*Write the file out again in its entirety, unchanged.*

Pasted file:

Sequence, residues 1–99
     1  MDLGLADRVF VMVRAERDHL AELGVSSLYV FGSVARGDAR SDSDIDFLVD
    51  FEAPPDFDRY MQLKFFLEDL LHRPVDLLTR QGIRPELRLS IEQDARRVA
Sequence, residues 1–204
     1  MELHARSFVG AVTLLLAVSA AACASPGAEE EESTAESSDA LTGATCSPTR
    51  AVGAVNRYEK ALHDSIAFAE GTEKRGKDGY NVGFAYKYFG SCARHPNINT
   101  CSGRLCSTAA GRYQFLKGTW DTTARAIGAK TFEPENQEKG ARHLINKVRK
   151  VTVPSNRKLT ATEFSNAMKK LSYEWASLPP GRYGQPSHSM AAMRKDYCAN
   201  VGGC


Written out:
Sequence, residues 1–99
     1  MDLGLADRVF VMVRAERDHL AELGVSSLYV FGSVARGDAR SDSDIDFLVD
    51  FEAPPDFDRY MQLKFFLEDL LHRPVDLLTR QGIRPELRLS IEQDARRVA
Sequence, residues 1–204
     1  MELHARSFVG AVTLLLAVSA AACASPGAEE EESTAESSDA LTGATCSPTR
    51  AVGAVNRYEK ALHDSIAFAE GTEKRGKDGY NVGFAYKYFG SCARHPNINT
   101  CSGRLCSTAA GRYQFLKGTW DTTARAIGAK TFEPENQEKG ARHLINKVRK
   151  VTVPSNRKLT ATEFSNAMKK LSYEWASLPP GRYGQPSHSM AAMRKDYCAN
   201  VGGC